The South African government then instituted a system of forced removals, moving the black and coloured population into specified areas.It is this system that created the sprawling shantytown of Soweto (South Western Townships), one of the areas where Blacks were forced to live during the Apartheid era. Nelson Mandela spent many years living in Soweto and his Soweto home in Orlando is currently a major tourist attraction.

At the other end of the scale, Sophiatown during the early years of the 20th century was a vibrant centre in which many races lived alongside each other in relative calm. However, the National Party government changed that with its policy of Apartheid in the 1950s, forcibly removing residents in favour of a "whites-only" policy.

Large-scale violence broke out in 1976 when the Soweto Students' Representative Council organised protests against the use of Afrikaans, considered to be the language of the oppressors, in black schools. Police shot into a student march, and 1000 people died in the proceeding 12 months protesting the apartheid system.

The regulations of apartheid were abandoned in February 1990, and since the 1994 elections, Johannesburg has, in theory, been free of discriminatory laws. The black townships have been integrated into the municipal government system, and to some extent, the suburbs have become multiracial.

Government

During the apartheid era, the area now Johannesburg was divided into 11 local authorities, one of these the original white Johannesburg. The local authorities were seven white and Template:Johannesburg regions infobox four black. The white authorities were 90 percent self-sufficient, spending Rand 600 (USD 93) per capita, while the black authorities were only ten percent self-sufficient, spending Rand 100 (USD 15) per capita.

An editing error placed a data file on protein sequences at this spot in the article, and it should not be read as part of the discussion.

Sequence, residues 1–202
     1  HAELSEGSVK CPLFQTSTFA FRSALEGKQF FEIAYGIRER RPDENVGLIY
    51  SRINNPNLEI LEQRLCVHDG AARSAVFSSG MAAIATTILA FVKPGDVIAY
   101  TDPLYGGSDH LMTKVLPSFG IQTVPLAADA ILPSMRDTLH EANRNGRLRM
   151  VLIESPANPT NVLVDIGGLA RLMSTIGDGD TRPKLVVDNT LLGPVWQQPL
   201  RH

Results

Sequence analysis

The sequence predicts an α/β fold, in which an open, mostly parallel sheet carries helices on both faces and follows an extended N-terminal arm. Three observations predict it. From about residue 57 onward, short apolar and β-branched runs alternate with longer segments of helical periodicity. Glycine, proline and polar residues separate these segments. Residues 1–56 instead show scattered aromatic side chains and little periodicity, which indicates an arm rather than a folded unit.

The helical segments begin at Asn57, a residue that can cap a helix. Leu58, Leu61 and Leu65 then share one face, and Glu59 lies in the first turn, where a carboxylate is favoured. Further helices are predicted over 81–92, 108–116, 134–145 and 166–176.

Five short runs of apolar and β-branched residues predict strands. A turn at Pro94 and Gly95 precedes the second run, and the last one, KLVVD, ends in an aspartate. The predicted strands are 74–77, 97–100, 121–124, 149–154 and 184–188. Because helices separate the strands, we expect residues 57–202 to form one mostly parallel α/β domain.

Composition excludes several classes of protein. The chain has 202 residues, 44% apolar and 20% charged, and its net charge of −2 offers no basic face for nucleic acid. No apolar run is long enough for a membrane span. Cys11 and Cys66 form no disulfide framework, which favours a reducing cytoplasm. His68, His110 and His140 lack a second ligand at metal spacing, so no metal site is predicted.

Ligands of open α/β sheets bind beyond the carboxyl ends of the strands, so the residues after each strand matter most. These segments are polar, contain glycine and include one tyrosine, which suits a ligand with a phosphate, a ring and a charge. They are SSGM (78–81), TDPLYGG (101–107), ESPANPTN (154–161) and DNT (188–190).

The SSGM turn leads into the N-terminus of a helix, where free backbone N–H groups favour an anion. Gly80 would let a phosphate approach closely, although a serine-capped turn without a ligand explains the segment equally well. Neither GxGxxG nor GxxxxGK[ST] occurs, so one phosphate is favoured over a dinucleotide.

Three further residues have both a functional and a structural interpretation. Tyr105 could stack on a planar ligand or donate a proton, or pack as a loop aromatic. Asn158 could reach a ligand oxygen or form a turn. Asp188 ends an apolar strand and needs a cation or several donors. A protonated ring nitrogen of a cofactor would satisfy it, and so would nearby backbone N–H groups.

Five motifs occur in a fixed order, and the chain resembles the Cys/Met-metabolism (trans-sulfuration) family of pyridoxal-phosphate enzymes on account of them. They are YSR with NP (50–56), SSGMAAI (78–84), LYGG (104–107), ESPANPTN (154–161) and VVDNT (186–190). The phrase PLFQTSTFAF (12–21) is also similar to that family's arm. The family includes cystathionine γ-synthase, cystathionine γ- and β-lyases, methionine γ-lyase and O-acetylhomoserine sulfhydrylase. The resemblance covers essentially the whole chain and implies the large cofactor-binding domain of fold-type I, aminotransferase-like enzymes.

The first post-apartheid city council was created in 1995. The council adopted the slogan "One City, One Taxpayer" in order to highlight its primary goal of addressing inequal tax revenue distribution. To this end, revenue from wealthy, traditionally white areas would help pay for services needed in poorer, black areas. It is now divided into four regions, each with a substantially autonomous local regional authority that was to be overseen by a central metropolitan council. Furthermore, the municipal boundaries were expanded to include wealthy satellite towns like Sandton and Randburg, poorer neighbouring townships such as Soweto and Alexandra, and informal settlements like Orange Farm.

In 1999, Johannesburg appointed a city manager in order to reshape the city's ailing financial situation. The manager, together with the Municipal Council, drew up a blueprint called "Igoli 2002". This was a three-year plan that called upon the government to sell non-core assets, restructure certain utilities, and required that all others become self-sufficient. The plan took the city from near insolvency to an operating surplus of Rand 153 million (USD 23.6 million).

The municipal council consists of 217 councillors, headed by a mayor.

Crime

Like most major cities, Johannesburg has a crime problem. After the Group Areas Act, one of Apartheid's key pieces of legislation, was scrapped in the early 1990s, Johannesburg was affected by urban blight, as thousands of poor, mostly black, people who had been forbidden to live in the city proper, moved into the city from surrounding black townships such as Soweto. Crime levels rose and non-payment of rent led to apartment buildings being abandoned by landlords, especially in the high-density areas such as Hillbrow. Many corporations and institutions, including the JSE Securities Exchange, moved their headquarters to the suburb of Sandton to avoid the crime of the city centre. Reviving the city centre is one of the main aims of the municipal government of Johannesburg. Drastic measures have been taken to reduce crime in the city. These measures include closed-circuit television on street corners. The latest police statistics show that crime levels in Johannesburg have dropped as the economy has stabilised and begun to grow.

Geography and climate

South Africa is in the southern hemisphere, and experiences the opposite seasons from the northern hemisphere. Johannesburg is located in the eastern plateau area of South Africa, known as the Highveld, at an elevation of 1753 metres, which enjoys a dry, sunny climate with the exception of occasional late afternoon downpours from the months of October to April.